15 Jun Tell me what you really, really want (to say)
The current global health crisis provides yet another opportunity to see the power of clear, consistent communications. On 10th May, Prime Minister Boris Johnson addressed the UK regarding the first, tentative steps in loosening the lockdown the country has been in since 23rd March. Afterwards his address was widely criticised for not being clear enough in describing how people should behave. Comic actor Matt Lucas’ tweet lampooning the PM has already been shared by hundreds of thousands of people.
— realmattlucas (@RealMattLucas) May 10, 2020
The right messenger…and the right message
The PM’s somewhat ‘unique’ style is more suited to a fiery House of Commons or a debating society than a TV address. This combined with the fact this health crisis is also a political event, means he was probably setting himself up for this kind of criticism by disseminating the message this way. But the message itself is also important. It replaced something that seemed completely clear:
- Stay at home
- Protect the NHS
- Save lives
With something far more ambiguous:
- Stay alert
- Control the virus
- Saves lives
This immediately raises questions as to what we should stay alert to and why; it is not surprising then that both the message and the messenger received so much criticism.
The importance of messaging
Messaging has a special place in the heart of our consultancy. We will not start working with a client until that client has signed off on a messaging document that articulates what they wish to say, to whom and with what consequence. It is a rule we never break. We also use messaging to measure our campaigns. If our message is getting through you will see it in the media coverage we achieve. This is a smarter way to measure activity than on media coverage alone because media attention with the right message is far more powerful than just media attention for no purpose. Additionally, we carry out messaging workshops and create messaging documents for companies of all sizes as a one off piece of work. To make sure your messages can cut-through the noise and resonate in the media, and with your target audience, they need to be woven into the wider narrative. We use messages to tell stories – and if someone remembers the story, they will remember the message.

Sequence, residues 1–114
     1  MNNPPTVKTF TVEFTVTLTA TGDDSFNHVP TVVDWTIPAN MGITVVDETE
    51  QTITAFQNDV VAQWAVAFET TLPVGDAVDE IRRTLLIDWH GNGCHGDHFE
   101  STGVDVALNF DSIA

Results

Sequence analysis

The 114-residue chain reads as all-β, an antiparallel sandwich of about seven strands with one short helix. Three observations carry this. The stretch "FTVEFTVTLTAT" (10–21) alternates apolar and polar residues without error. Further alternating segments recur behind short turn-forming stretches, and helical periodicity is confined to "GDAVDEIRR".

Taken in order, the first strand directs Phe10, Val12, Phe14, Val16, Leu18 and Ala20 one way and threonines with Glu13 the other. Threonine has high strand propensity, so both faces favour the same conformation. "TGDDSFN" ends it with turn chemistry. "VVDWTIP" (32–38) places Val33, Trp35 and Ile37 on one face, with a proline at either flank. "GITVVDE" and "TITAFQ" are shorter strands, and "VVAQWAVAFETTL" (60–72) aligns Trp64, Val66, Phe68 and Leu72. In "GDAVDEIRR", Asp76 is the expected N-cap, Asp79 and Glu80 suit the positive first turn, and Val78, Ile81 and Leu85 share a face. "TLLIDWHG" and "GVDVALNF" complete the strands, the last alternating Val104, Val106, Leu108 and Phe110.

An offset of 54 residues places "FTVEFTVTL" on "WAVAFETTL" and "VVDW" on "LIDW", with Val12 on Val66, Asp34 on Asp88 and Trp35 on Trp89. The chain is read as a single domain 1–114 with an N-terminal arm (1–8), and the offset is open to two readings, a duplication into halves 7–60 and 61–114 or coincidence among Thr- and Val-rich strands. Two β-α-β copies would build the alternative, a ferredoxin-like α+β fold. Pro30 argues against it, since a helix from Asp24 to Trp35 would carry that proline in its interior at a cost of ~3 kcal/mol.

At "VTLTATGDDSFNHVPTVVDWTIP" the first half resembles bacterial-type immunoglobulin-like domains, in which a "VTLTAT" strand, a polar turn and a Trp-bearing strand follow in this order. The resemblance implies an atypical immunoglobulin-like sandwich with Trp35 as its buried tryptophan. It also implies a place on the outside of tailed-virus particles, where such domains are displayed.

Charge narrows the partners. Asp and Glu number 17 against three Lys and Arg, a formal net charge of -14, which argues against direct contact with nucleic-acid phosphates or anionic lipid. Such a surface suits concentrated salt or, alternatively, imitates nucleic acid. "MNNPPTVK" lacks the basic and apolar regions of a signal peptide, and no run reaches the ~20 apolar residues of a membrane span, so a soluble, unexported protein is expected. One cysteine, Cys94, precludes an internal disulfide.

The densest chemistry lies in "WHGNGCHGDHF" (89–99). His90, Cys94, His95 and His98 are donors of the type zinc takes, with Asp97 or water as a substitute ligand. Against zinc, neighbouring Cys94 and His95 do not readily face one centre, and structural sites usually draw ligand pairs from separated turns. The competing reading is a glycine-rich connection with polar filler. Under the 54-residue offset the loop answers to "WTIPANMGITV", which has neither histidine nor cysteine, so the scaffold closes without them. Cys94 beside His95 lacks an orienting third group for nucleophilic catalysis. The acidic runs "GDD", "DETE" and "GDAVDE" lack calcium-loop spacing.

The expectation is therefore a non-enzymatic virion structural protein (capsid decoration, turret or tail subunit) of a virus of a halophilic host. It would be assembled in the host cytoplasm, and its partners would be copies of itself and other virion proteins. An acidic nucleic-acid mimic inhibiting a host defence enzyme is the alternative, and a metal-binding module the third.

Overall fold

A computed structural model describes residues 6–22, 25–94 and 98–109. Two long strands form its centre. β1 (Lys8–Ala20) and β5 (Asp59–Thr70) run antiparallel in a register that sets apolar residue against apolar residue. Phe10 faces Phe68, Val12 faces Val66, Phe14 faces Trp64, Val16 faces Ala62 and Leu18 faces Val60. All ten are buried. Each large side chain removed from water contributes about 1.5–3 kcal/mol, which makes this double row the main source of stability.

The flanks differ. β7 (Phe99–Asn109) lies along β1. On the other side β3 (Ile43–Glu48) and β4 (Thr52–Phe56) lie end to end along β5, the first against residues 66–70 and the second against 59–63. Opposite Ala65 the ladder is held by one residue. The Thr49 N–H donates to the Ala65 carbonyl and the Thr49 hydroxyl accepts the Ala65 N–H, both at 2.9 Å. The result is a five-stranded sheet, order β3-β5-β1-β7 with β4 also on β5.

The master of the message
There is a quote that encapsulates this perfectly for me. It is from Steve Jobs: “It is an increasingly noisy world and we are not going to get a chance to get people to remember much about us. No company is. So, we need to be clear on what it is we want them to remember about us.” Apple regularly tops the charts for most media exposure, which makes the quote even more powerful.
It is a lesson for every company: know what you want to say, keep it simple, keep it relatable and repeat, repeat, repeat.
If your company does not have a messaging document or you need help refreshing your messages, get in touch. We’ve helped hundreds of companies articulate their messages more clearly. We can help you too.